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Quarrel over CDA land injures 20

February 13, 2013

ISLAMABAD, Feb 13: Despite a Supreme Court ruling against private or commercial construction on public property, the District Bar Association obtained permission from a district court to build lawyers’ chambers on a football ground in F-8.

On Wednesday, a dispute between the lawyers and traders from F-8 Markaz turned into a brawl in which over 20 people were injured. Police are considering a request from the CDA to seal the ground.

According to an eyewitness, Muhammad Usman, as many as 50 lawyers arrived at the football ground on Wednesday morning to begin building their chambers. They claimed that the government had granted them permission.

When a CDA enforcement team arrived and asked them to stop, Muhammad Usman said, “the lawyers used harsh words with them, and the CDA team left.”

Syed Anwar, a leader of the lawyers’ group, told Dawn that “the CDA had had no objection” to the construction of chambers, which were being built on a temporary basis. “As soon as the court shifts to G-10, we will vacate the premises,” he said.

The District Bar Association had filed a petition in district court on February 9, claiming that the plot in F-8 - CDA property used as a football ground - was vacant, used only for trash-dumping, and could hold 100 lawyers’ chambers.

Claiming that a previous construction attempt had been stopped by “unknown persons”, they requested an interim order from the court allowing them to continue construction. On February 11, Civil Judge Muhammad Naveed Khan, a former lawyer, issued the order, despite the fact that the Supreme Court, while hearing a suo motu case regarding the construction of a restaurant in F-9 Park, made it clear that public property cannot be used for commercial or private purposes.

Eventually, Muhammad Usman told Dawn, around a dozen traders from F-8 Markaz reached the lot. They claimed that if the chambers were built, their commerce would be affected, as customers, especially women, would be less likely to visit the market. After an argument, “the lawyers started beating the traders”.

Another eyewitness, Muneer Ahmad, claimed that there were eventually one hundred lawyers and one hundred traders gathered at the ground.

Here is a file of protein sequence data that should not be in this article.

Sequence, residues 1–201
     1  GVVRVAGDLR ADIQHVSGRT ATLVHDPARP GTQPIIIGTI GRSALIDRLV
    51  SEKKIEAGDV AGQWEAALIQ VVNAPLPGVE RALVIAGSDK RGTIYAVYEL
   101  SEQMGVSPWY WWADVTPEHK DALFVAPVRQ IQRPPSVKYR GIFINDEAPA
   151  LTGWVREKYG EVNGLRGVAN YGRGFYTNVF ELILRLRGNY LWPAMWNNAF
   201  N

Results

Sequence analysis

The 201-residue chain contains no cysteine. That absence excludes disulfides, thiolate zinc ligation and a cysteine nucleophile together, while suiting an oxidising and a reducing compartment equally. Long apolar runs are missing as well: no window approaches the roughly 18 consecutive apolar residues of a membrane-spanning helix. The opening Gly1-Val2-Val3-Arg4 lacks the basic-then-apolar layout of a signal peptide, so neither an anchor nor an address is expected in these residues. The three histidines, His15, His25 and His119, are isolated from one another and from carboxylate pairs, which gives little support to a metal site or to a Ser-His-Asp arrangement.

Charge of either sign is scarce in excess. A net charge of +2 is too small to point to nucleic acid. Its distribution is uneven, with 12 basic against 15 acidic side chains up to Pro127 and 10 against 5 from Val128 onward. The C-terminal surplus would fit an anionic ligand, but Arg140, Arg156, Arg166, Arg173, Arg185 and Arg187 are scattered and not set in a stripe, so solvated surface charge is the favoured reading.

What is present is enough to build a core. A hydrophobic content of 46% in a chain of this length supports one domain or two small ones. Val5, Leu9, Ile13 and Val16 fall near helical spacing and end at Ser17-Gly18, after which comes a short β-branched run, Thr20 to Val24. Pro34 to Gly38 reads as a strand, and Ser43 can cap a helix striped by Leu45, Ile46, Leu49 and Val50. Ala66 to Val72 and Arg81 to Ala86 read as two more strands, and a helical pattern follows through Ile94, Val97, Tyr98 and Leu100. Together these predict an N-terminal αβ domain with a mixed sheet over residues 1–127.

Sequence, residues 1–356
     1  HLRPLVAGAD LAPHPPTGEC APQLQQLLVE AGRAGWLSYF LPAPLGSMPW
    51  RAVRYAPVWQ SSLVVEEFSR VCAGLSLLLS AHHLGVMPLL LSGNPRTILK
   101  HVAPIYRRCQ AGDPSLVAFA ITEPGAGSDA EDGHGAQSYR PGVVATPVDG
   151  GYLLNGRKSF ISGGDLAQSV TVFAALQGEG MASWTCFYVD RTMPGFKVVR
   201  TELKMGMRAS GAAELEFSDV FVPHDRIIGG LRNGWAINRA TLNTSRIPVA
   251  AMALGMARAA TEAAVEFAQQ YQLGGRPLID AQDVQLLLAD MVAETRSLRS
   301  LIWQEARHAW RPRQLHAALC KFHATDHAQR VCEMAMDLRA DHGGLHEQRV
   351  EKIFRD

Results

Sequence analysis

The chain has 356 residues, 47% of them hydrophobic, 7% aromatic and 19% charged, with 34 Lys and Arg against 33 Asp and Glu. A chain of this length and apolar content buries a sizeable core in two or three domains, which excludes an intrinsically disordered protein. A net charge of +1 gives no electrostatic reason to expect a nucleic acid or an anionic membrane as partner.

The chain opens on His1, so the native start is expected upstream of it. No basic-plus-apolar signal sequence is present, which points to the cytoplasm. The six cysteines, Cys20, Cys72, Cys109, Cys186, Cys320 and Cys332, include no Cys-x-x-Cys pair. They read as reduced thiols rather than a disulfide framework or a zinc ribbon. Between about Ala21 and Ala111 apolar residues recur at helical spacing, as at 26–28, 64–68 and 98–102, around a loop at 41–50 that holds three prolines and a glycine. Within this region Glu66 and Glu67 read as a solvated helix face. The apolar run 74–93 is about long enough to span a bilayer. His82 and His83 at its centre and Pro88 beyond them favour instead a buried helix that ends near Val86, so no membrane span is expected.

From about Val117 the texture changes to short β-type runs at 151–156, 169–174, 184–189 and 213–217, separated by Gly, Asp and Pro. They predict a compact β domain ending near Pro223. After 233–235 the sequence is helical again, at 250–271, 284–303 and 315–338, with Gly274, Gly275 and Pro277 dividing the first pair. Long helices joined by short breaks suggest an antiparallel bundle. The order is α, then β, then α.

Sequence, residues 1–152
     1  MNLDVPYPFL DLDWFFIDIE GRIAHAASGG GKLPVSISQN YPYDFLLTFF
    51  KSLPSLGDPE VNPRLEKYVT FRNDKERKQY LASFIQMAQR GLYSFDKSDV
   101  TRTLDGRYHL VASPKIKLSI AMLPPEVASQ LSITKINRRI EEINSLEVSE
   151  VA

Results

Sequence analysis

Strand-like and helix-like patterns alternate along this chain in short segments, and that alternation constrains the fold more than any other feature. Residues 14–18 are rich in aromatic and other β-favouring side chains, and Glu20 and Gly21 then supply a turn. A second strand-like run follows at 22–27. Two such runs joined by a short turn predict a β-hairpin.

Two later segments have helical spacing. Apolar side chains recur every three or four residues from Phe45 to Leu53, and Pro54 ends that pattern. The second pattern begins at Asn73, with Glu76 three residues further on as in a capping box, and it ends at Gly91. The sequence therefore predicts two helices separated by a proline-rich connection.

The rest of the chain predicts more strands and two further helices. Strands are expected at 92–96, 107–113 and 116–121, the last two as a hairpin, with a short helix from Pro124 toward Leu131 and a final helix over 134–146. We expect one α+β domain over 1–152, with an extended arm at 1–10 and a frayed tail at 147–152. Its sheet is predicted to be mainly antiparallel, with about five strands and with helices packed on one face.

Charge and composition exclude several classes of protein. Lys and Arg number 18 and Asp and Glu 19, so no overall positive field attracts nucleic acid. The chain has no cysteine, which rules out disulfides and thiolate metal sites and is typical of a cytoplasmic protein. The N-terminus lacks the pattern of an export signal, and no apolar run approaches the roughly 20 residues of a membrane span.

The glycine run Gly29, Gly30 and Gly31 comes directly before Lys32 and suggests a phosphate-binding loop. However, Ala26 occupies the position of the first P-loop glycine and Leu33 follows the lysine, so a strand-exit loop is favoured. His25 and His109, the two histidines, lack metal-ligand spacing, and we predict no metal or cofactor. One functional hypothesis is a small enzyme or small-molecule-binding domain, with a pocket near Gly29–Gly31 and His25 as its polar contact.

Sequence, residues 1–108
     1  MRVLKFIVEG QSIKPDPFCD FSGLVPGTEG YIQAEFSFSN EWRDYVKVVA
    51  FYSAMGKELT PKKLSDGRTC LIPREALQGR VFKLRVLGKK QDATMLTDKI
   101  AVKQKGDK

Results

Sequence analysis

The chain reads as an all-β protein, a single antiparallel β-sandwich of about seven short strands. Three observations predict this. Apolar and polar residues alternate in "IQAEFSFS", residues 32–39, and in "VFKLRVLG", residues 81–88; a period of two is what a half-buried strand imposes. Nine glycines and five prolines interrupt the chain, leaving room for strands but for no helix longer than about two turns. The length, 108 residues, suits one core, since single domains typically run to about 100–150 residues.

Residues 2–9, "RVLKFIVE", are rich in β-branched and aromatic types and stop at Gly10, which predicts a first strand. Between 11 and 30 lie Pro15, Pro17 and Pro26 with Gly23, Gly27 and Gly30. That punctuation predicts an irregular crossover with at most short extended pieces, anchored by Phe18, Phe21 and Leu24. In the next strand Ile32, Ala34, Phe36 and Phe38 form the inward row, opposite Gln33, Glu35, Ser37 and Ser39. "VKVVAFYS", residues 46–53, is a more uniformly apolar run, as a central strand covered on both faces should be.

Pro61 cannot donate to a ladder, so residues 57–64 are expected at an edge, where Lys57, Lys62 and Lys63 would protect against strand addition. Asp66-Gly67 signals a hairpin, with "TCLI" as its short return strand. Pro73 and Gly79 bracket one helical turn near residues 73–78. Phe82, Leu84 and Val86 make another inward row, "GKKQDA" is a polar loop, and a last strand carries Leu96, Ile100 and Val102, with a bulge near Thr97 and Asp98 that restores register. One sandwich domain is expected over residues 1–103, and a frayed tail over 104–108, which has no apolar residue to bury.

“The two groups fought with one another and exchanged aerial fire. The traders were more organised, so the lawyers fled.”

Syed Anwar claimed that the district management had been remiss in not restraining the traders, who “were very violent, injuring several lawyers”. The DBA plans to protest against both the traders and the CDA.

A representative of the traders’ group, Qamar Abbasi, countered that it was in fact the lawyers who attacked the traders, including with gunfire.

“Over the past several years, traders and lawyers have made several agreements,” he said, “and the district administration is supposed to serve as the guarantor”.

Believing that the lawyers had broken an agreement regarding the lot, the traders attempted to stop them, at which point “the lawyers opened fire”.

Abbasi claimed that the lawyers had “hijacked” the local police station to register an FIR against the traders, who, in response, have announced a shutter-down strike.

“We plan to march to the Supreme Court to protest, since the lawyers have been using the name of the Chief Justice to press their cause,” Mr Abbasi said.

In their petition, the DBA claimed that they had played an important part in ensuring the independence of the judiciary, and that CJ Iftikhar Chaudhry had declared the DBA “the bar of the Supreme Court”.

A CDA spokesman, Ramzan Sajid, clarified that CDA land cannot be used, for any purpose, without permission from the organisation. He claimed that encroachments had already decreased the value of CDA land, and that they plan to discuss the issue of the F-8 lot with both the lawyers and the traders.

According to the station house officer at Margalla police station, however, the district management has asked that the ground be sealed, due to the threat of violence.